Don’t waste it | Inquirer Opinion
Like It Is

Don’t waste it

Climate change is happening (despite what Donald Trump thinks) and is making rainfall less predictable and, in many cases, with less rain than before. We are seeing this right now, with the rains not here when it is already the rainy season.

As recent months have shown, we are in a precarious position. The east concession area ran out of water in March. With Angat Dam now below the 160-meter critical level (the water level is the lowest it’s been in  nearly 10 years), supply from the dam has had to be reduced to 1,200-1,250 million liters per day from 1,600 MLD normally, so the rest of Manila is starting to follow with rotational interruptions. That will continue until there’s not just rain, but heavy enough to fill the dam.


Water pressure will have to be reduced and periods of availability limited; no more 24/7 if sufficient rains don’t come. What a situation to be in, being dependent on something we can’t control — rain. And one we could have addressed but didn’t, with a nonacting Aquino administration. It has a lot to answer for in its inaction on this essential commodity.

A second dam is finally underway, seven years from when it was first proposed. Had Metropolitan Waterworks and Sewerage System (MWSS) built the dam then like the concessionaires begged them to, we wouldn’t have this crisis now. It will be four or five years before the new dam is finished.


Laguna de Bay is being tapped for more, but given the sad, heavily silted state of the lake, it needs rain, too. It’s also a polluted source that costs a lot to clean. Who’s supposed to pay for that? The concessionaires? They didn’t create this mess, the Aquino MWSS did. Gerry Esquivel should pay for it out of his own pocket.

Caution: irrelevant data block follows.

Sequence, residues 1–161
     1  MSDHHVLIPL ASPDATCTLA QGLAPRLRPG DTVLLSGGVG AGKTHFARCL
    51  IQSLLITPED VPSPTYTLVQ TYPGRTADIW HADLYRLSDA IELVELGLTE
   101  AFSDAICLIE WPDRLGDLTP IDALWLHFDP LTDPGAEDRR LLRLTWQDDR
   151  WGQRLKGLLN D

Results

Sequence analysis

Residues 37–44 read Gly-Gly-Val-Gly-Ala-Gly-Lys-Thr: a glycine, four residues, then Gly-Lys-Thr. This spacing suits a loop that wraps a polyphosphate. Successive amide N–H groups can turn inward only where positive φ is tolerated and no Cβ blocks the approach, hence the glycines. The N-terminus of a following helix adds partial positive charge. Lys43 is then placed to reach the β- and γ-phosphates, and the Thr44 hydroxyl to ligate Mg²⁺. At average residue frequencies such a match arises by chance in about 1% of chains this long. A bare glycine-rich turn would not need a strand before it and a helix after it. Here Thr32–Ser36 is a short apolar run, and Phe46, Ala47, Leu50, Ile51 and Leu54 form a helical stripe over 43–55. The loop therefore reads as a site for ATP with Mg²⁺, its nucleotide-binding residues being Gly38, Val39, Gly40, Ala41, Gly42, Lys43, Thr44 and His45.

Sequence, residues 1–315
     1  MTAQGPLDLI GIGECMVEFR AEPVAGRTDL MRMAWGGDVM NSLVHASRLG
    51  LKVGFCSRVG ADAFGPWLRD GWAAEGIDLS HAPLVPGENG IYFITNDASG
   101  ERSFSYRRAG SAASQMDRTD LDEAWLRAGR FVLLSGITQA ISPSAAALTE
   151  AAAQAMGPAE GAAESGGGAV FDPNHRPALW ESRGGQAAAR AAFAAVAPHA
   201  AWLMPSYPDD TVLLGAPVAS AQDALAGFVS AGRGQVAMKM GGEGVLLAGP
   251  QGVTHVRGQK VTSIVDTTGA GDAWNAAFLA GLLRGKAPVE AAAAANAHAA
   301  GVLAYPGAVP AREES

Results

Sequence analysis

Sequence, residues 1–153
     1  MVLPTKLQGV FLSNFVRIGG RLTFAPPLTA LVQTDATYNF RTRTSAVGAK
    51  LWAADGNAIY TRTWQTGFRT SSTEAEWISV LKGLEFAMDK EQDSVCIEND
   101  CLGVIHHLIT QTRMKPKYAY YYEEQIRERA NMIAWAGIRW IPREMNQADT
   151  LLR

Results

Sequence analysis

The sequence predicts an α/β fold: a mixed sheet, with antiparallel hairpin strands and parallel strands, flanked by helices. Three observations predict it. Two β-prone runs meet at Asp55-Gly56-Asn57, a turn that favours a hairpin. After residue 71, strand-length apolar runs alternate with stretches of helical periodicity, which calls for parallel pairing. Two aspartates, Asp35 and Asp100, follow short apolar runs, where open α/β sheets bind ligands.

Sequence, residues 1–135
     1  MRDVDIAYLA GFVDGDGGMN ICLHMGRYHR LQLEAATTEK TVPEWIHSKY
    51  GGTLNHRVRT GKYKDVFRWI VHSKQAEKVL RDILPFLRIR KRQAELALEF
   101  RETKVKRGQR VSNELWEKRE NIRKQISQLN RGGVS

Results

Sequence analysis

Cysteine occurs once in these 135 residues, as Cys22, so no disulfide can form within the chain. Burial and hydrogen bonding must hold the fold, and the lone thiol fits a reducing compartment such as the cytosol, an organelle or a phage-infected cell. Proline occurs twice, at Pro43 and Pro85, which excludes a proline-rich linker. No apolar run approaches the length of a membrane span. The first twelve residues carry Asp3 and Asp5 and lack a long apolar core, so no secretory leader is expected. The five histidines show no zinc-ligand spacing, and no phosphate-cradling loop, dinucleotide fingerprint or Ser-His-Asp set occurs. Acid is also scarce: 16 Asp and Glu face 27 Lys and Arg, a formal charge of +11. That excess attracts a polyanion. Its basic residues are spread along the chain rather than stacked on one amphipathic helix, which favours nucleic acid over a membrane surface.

The situation is critical, yet we all go on our merry way, wasting water without a care in the world. It’s time we all focus on one thing: conserving it. Think before we use water. The government needs to start imposing some forced restrictions.

Australia is the driest continent in the world. Almost everyone there is water-conscious and actively works to use the least water possible. That’s the first lesson for us: Change attitudes, convince Filipinos to think every time — “how can I reduce using water in what I’m doing now?” A quick, simple way is to turn off the tap when you brush your teeth. That can save six liters per minute. Multiply that by 10 million people, that’s 60 million liters per day (if you clean your teeth twice a day for 30 seconds as you should). About 80 percent of Aussies do that.

Put a brick in the cistern to reduce the volume of water. Install a two-step flush mechanism. Have shorter showers, and turn off the water while soaping. Fix leaking taps, as those drips add up to a lot of wasted water. Water your garden with a watering can, not a hose which can use up to 1,000 liters per hour. Water in the early morning or, better yet, in the late afternoon to reduce evaporation.

Buy household products that are water-efficient. Only wash clothes with a full load, if you’re lucky enough to have a washing machine. Wash your car from a bucket, not the hose. If you must use the hose, do so sparingly. When you wash cutlery and dishes, use a bowl and rinse all together. Collect the rainwater from your gutters. Close to 80 percent of Australians do these things to “do my bit for the environment.”

Everyone is going to howl when I suggest this, but an effective way to reduce water consumption is to charge more for that water. The problem with that is it hurts those who don’t earn much, but can’t qualify for the lifeline rate. That makes another solution difficult—allowing the concessionaires to develop their own raw water sources. That’s something they’d be willing to do, but someone’s got to pay for it. That someone should not be the concessionaires, as their rates are already below getting a reasonable return. That someone should be us; we should pay properly for what we use. A higher rate will also encourage us to use less water. The lifeline could perhaps be adjusted to include more of those on the border.

Let us Filipinos do our bit for the environment, too. If we want water over the next six or seven years while we await a new dam, we really don’t have much choice.


How about we do our bit for the environment and conserve water? We just don’t have water to waste; we are now in a crisis.

E-mail: [email protected]

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TAGS: Angat Dam, climate change, Like It Is, Metro Manila water supply, MWSS, Peter Wallace, water conservation
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